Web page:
Pollinators are good for the planet and necessary for the foods we love, such as coffee and chocolate and fresh fruit. Simplot grows many diverse crops, which is one reason we have an interest in thriving pollinator populations.
The crop — and resulting food — for which Simplot is best known is potatoes. And, as luck would have it, pollinators are not naturally attracted to potato fields. That’s one big reason Simplot’s Global Food business is part of an important project to study pollinator presence near potato fields.
As a part of Operation Pollinator, Simplot is embarking on a collaborative journey to support pollinator health and habitat. The intent of the study is to identify what habitats are ideal for pollinator species and observe if increasing pollinator habitat around potato crop fields will increase the presence of the pollinators we want to support in native habitats.
The project trapped pollinators in strategic locations near potato fields from June through August 2022 to discover which species are present today and in what numbers. Simplot will then install pollinator habitat of native plants and wildflowers in those locations and repeat the trapping in summer 2023 to see if pollinator species’ variety and numbers have increased.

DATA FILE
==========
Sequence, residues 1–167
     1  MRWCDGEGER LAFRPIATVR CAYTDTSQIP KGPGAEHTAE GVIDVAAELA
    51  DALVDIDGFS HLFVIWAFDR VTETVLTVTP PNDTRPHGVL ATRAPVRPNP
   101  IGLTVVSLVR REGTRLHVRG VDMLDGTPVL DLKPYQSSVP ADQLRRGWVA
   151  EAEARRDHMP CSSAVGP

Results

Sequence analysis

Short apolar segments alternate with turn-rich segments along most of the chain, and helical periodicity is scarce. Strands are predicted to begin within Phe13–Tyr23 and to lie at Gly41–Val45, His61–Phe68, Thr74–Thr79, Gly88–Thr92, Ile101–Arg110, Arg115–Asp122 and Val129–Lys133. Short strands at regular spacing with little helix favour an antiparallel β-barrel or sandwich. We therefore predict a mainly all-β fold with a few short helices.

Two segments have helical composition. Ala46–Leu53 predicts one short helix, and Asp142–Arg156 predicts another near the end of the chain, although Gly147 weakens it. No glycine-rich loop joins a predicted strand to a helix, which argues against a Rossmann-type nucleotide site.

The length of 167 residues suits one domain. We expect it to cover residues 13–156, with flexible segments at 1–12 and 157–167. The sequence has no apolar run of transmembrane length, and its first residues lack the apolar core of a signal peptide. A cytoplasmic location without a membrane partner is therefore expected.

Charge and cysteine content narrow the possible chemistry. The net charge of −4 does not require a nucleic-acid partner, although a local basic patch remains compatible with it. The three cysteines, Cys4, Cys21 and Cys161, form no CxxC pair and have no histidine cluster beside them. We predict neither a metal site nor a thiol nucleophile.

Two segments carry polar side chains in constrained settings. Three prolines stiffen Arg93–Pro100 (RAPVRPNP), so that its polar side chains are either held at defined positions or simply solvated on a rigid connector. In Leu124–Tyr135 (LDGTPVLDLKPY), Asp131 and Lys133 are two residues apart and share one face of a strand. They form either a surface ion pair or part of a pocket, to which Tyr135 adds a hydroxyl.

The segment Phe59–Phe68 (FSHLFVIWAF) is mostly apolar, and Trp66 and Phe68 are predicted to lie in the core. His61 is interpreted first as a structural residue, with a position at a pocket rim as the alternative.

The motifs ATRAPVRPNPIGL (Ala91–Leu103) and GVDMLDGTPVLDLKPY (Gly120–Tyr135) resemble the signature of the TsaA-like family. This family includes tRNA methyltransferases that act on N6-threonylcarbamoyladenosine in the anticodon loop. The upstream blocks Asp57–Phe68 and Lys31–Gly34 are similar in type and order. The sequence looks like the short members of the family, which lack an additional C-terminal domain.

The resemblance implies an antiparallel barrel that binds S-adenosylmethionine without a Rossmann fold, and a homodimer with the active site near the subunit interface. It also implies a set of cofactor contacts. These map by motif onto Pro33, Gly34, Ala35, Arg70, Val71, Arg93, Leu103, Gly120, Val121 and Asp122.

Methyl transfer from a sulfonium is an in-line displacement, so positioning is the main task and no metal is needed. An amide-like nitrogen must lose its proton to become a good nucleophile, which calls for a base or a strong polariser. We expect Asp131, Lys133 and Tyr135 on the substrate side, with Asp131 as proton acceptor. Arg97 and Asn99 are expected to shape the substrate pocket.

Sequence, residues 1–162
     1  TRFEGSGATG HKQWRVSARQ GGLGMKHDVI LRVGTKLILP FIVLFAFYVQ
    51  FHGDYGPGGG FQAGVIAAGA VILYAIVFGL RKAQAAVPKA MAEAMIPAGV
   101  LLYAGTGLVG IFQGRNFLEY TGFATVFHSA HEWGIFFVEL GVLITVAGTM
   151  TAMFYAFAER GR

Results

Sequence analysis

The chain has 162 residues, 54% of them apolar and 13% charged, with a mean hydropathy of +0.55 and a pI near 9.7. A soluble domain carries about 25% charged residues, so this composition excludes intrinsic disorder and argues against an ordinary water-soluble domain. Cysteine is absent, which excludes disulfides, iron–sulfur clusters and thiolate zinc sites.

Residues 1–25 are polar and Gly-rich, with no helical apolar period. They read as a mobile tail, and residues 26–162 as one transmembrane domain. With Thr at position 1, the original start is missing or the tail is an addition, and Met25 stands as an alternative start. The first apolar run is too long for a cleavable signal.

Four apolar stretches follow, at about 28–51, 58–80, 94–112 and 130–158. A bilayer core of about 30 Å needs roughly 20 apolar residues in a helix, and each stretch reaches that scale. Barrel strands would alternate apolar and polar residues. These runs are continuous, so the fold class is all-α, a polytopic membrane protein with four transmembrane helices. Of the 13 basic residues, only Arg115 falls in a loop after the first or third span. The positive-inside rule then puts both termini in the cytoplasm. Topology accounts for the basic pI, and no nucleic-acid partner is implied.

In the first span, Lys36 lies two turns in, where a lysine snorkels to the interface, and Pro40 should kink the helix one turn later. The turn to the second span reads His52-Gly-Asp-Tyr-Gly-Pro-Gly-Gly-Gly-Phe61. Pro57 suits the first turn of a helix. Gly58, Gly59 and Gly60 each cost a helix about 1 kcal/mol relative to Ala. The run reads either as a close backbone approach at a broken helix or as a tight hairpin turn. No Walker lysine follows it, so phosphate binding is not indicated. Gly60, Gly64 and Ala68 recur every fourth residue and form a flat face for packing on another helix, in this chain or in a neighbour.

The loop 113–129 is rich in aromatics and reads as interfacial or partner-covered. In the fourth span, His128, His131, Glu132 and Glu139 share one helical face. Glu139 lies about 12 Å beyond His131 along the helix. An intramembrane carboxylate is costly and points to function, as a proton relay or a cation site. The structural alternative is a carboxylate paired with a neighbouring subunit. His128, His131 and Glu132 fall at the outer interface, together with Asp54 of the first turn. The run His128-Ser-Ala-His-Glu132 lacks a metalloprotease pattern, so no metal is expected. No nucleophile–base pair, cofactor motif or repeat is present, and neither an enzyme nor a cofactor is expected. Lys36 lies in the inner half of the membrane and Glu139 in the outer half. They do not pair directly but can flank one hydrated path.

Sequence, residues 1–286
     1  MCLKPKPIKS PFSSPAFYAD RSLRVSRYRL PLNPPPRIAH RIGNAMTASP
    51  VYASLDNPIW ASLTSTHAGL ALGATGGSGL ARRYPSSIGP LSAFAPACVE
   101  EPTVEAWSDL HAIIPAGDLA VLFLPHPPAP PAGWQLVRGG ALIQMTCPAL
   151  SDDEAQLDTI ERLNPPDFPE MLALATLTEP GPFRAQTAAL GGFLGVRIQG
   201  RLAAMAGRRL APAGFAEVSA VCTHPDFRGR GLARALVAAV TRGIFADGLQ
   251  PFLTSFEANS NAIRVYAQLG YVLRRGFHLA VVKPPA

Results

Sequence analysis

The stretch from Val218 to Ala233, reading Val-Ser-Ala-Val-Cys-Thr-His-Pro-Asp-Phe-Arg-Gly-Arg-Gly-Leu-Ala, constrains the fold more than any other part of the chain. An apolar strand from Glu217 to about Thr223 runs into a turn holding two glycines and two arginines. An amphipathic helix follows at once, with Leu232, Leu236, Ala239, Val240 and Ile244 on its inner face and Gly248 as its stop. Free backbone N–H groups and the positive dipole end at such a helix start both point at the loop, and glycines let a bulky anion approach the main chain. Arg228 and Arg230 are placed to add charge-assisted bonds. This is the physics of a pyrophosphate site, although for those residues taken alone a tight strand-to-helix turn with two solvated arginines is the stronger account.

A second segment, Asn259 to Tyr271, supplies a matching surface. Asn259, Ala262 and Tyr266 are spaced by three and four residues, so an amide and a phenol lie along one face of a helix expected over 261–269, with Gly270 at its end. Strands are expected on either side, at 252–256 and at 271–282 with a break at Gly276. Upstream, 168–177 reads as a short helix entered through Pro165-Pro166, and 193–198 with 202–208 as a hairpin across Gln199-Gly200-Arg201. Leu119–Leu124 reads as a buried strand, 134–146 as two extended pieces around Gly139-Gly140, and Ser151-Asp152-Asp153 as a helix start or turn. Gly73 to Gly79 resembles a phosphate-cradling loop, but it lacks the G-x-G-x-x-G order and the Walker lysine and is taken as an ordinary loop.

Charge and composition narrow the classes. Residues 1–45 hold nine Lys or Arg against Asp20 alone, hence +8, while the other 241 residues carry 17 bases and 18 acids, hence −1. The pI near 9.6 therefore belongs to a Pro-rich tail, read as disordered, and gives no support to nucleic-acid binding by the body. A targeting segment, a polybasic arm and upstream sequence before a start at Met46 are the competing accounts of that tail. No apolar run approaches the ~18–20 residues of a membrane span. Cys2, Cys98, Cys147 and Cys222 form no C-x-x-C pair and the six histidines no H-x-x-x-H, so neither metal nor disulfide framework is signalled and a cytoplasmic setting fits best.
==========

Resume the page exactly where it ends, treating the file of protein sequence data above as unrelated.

The Company is partnering with Syngenta on the project, along with Croplife America, and the Wood River Land Trust.
The goals of this project are many. We are working to understand what kind of pollinators are in or near potato fields; evaluate the benefits and costs of implementing new pollinator habitat types; and help growers and producers understand the costs and benefits of sustainably protecting pollinator populations.
Enabling growers to save money and increase biodiversity by planting pollinator habitat on unused portions of potato fields has myriad benefits. It can be incorporated into a grower’s IPM plan, leading to an increase in pollinator populations, while beautifying the landscape.
Did You Know? There are so many more types of pollinators than just bees! Pollinators can also be wasps, ants, butterflies, moths, flies, and beetles. And these are only the insects! We also recognize the importance of birds and bats in the function of plant reproduction, leading to a healthier ecosystem.
The J.R. Simplot Company is a family-owned, privately held global food and agriculture company headquartered in Boise, Idaho. Its integrated portfolio includes food processing and food brands, phosphate mining, fertilizer manufacturing, farming, ranching and cattle production, and other enterprises related to agriculture. Simplot has major operations in the U.S., Canada, Mexico, Argentina, Australia, and China, with products and services available to customers worldwide. For more information, visit www.simplot.com.